Thursday, December 29, 2011

Boxing Day Grinches and Will I Survive My 22-Miler

According to the folks at the Houston Area Road Runners Association, I didn’t run a real official race on Monday but tell that to my sore ass and back! Seriously, though, if you want to read about appalling adult temper tantrums go read this rundown of the story. If you’re pissed enough tweet about it or forward it to your friends.

Since my body certainly feels like it ran a real half marathon on Monday, I have been reevaluating my marathon training schedule. It really isn’t an unreasonable schedule – it’s very similar to how I trained for LA in ‘03 (an 18, two 20’s, and a 22). And I was very prepared for that race (negative split on a 75 degree day). However, what I didn’t do back then was race my back down weeks in between 20 milers and then also throw in a mid-week tempo run to boot.

I have never had back issues in my life. Yet as I write this, my lower back, left side, is an achy mother f****r. Not too far away is a sore upper left IT band. Coincidence? I think not.

So, I’ve decided no more racing until Carlsbad. And also? No tempo run this week or next. Isn’t racing a half marathon more than enough “tempo”? I don’t know why this just occurred to me, but, duh. It’s harder than a tempo run. I am going to try to get the same mileage in this week but slower. I ran 5 miles yesterday and felt OK during, but the last mile, the back starting complaining again. I want to survive my 22 miler but the way my back is feeling, I don’t know. It would certainly be annoying to miss my key long run before the marathon. However, I don’t want to end up in a crumpled heap on the 101 calling my husband to come pick my ass up at mile 10.

Tuesday, December 27, 2011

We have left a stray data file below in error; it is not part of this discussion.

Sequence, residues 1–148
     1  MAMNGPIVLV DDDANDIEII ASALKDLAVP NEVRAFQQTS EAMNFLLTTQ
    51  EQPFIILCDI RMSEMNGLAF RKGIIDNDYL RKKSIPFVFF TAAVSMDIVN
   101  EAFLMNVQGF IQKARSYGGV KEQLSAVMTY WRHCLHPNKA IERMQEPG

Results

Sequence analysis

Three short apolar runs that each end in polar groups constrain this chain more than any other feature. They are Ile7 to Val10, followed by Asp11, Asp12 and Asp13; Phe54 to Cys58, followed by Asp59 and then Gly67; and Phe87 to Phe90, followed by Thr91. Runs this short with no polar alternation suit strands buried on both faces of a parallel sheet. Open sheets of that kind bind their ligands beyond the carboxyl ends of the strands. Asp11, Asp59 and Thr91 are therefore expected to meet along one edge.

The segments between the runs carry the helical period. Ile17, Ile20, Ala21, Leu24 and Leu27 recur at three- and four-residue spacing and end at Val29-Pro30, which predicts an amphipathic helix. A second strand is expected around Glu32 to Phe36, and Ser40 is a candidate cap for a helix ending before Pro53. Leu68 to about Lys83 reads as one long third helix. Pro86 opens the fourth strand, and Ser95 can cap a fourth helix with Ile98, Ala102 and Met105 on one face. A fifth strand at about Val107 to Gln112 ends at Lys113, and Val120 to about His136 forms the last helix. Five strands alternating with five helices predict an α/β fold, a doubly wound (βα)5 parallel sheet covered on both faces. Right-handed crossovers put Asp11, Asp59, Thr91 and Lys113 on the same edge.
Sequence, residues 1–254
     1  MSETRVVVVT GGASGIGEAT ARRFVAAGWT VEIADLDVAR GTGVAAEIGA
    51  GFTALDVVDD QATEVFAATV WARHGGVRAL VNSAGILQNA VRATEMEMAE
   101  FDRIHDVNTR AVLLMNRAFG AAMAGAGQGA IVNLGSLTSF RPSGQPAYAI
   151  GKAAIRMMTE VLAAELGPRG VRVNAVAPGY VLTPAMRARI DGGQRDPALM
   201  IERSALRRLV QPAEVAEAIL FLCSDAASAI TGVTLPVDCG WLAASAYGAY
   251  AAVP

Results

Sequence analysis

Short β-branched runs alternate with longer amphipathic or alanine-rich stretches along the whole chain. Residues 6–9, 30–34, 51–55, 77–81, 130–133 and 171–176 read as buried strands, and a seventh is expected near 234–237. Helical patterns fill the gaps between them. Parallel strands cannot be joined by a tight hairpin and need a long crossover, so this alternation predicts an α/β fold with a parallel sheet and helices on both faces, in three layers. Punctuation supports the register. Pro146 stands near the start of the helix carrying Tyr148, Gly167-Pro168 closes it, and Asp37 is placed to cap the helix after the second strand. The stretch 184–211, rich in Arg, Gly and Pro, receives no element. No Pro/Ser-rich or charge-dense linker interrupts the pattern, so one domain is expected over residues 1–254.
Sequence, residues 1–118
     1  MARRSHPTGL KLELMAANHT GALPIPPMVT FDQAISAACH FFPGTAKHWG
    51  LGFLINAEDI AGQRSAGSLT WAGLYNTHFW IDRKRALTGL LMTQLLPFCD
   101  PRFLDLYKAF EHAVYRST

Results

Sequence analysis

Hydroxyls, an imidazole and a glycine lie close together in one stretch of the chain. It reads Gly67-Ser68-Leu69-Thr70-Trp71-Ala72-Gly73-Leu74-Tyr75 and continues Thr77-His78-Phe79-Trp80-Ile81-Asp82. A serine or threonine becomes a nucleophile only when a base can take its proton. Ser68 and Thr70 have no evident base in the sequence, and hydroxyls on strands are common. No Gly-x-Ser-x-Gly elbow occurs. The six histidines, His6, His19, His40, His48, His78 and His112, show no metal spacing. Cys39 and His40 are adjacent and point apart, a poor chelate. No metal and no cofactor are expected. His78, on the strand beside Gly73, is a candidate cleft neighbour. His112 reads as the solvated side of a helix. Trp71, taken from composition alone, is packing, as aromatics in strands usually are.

2011 Operation Jack Half Marathon

Last weekend I completed my longest mileage week ever – 42 miles. Not even while training for the LA marathon in ‘03 did I run over 40 miles that I can remember. As one would expect, I am feeling it. Thursday evening I played Old Woman and tweaked my back picking up a loaded laundry basket. Yeah, who feels like they need to join AARP with her sciatica?

I managed to get through 11 easy miles on Friday and Saturday but I could always feel it there, nagging me (“Haaaayyy. It’s your baaacck, how’s it goin’? ”). So I wasn’t sure what to expect of my performance at OJ on Monday morning.

Christmas day I ate a ton of beef and buttery things (Husband used 1.5 pounds of butter in his baking escapades) and about three-quarters of a bottle of wine (that was reining myself in, by the way). Went to bed at 9pm but didn’t manage to actually fall asleep until 11:30pm. Four AM came very quickly (and apparently this is just when my bachelor brother-in-law in Hermosa Beach was going to sleep). We hit the road on-time at 5am. I had to make an emergency stop both for emergency coffee and also the other kind of emergency, if you know what I’m sayin’ (Sbucks has clean bathrooms, yo).

Meanwhile I get a tweet from Sarah and we both pull into the parking lot at 6:45am, and walked down to the start at El Porto Beach.


(I lived two blocks from here from 2001-2002. Aside from my apartment being a poorly maintained shithole, it had a small ocean view and you could not beat the location)